FDA Publishes Site-Selection Model for Inspecting Foreign Mfg Facilities

The US Food and Drug Administration (FDA) has published an internal policy that outlines the agency’s risk-based, site-selection model for inspecting foreign drug-manufacturing facilities and has highlighted other ways in which the agency is overseeing product quality at drug-manufacturing facilities.

“…[T]o add greater transparency around our site-selection model, we’re publishing our internal policy for how manufacturing facilities are prioritized and scheduled for surveillance inspections,” FDA Commissioner Scott Gottlieb said in a September 5, 2018 agency statement. “Our policy explains how a facility’s compliance history, recall trends, time since last inspection, inherent risk of the drug being manufactured, processing complexity, and other factors are all weighed and considered.”

Gottlieb says the FDA prioritizes inspections of sites regardless of their location, by using a risk-based site-selection model. For manufacturing facilities in other countries, inspections may be conducted by staff in foreign offices, those on temporary duty assignments, or staff that travel internationally to conduct the inspection. In addition, the FDA pursues opportunities to collaborate with other countries. Gottlieb noted in his comments that as of fiscal year 2017, there were about 5,063 human pharmaceutical sites worldwide subject to routine surveillance inspection with 3,025 of those foreign-based. For that year, the FDA conducted 1,453 drug surveillance inspections, including 762 of foreign sites.

Gottlieb highlighted other ways in which FDA oversees foreign drug-manufacturing facilities. In 2017, the FDA formed a mutual recognition agreement for manufacturing inspections with the European Union (EU) to enable the FDA to recognize drug inspections conducted by foreign regulatory authorities that meet US requirements.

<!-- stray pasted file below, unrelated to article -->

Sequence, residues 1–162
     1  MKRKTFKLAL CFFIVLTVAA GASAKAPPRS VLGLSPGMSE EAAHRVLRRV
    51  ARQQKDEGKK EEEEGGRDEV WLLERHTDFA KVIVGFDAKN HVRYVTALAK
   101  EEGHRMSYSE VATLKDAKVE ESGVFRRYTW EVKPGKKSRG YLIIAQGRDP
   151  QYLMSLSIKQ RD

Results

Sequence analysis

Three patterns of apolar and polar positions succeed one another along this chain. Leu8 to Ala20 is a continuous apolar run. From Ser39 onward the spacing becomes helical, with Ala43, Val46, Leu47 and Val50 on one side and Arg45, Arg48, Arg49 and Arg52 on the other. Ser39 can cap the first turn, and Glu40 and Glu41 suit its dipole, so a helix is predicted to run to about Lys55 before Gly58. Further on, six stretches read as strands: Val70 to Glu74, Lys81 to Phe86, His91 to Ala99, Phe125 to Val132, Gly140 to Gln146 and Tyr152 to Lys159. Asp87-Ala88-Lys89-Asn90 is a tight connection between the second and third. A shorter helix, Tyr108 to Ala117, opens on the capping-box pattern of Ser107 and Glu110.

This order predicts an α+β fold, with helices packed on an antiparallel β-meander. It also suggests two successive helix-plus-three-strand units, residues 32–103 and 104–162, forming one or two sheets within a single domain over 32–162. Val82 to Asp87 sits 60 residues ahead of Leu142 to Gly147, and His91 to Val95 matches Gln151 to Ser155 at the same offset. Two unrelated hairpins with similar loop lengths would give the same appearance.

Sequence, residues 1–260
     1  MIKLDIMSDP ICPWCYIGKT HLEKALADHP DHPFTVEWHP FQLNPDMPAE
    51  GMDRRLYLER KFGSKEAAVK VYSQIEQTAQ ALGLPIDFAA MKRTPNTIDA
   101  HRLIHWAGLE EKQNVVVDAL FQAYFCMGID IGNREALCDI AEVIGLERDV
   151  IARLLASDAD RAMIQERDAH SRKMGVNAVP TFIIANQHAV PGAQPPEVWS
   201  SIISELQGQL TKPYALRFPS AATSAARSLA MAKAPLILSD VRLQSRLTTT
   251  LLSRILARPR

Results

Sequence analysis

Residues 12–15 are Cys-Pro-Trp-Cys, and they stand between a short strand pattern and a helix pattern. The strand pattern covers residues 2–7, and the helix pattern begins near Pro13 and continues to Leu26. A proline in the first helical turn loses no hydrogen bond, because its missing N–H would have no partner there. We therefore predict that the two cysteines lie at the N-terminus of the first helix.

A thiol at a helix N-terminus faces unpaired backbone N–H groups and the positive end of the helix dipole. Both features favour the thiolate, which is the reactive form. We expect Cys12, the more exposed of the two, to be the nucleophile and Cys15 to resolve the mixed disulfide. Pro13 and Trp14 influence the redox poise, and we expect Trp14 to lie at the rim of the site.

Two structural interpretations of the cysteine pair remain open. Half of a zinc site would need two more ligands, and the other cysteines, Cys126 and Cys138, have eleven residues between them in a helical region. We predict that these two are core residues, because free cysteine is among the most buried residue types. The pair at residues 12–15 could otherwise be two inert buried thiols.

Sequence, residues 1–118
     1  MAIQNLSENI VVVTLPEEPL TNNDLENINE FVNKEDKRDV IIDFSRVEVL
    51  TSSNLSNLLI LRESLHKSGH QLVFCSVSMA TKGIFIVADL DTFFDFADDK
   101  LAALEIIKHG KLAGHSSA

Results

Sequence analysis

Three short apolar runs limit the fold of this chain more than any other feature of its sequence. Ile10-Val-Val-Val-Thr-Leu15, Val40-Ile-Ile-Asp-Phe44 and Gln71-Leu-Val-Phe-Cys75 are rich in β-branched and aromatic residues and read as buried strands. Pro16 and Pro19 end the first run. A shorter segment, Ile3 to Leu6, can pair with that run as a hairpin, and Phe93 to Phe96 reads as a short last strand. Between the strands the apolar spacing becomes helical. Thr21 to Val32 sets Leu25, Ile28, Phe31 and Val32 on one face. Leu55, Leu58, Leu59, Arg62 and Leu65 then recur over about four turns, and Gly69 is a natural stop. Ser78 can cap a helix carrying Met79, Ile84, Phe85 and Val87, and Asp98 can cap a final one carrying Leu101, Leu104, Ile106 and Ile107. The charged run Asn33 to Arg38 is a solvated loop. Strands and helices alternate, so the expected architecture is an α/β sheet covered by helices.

Gottlieb says the agency has also taken steps to improve transparency through its public inspections database. “The agency recently updated its inspections classifications database, which provides the most recent classifications of inspections of manufacturing facilities conducted for routine CGMP surveillance purposes or inspections of sites conducting bioequivalence/bioavailability studies,” Gottlieb said in the statement. “The database provides transparency to the industry, the general public, and other regulators into the outcomes of recent observations. The database has also been updated to build on our progress implementing the Mutual Recognition Agreement with the European Union, and now supports inclusion of facility status based on classification of inspection reports from recognized foreign regulatory authorities.”

Gottlieb says the FDA has also enhanced its communications about inspections to facility owners to enable quicker resolution of situations where quality standards are not being met. For example, efficiencies from a Concept of Operations agreement the FDA implemented in 2017 have enabled the agency to communicate inspection classification information to facility owners within 90 days of the close of a surveillance inspection, says the agency. The FDA has also established procedures to notify applicants when it identifies issues during its premarket inspections that could impact approvability of a new drug application by communicating through an information request, discipline review letter. or complete response letter.

Gottlieb also noted that the agency’s practice of issuing guidance documents to help ensure product quality. For example, it provides guidance documents on a range of quality issues, from pharmaceutical development through commercial manufacturing and quality control, on original application submissions and on making changes after approval, addressing active ingredients and finished product. It also obtains drug samples and test drugs from various sources each year to evaluate aspects of quality that can be analytically measured and verified.

Source: FDA (statement) and FDA (published policy)

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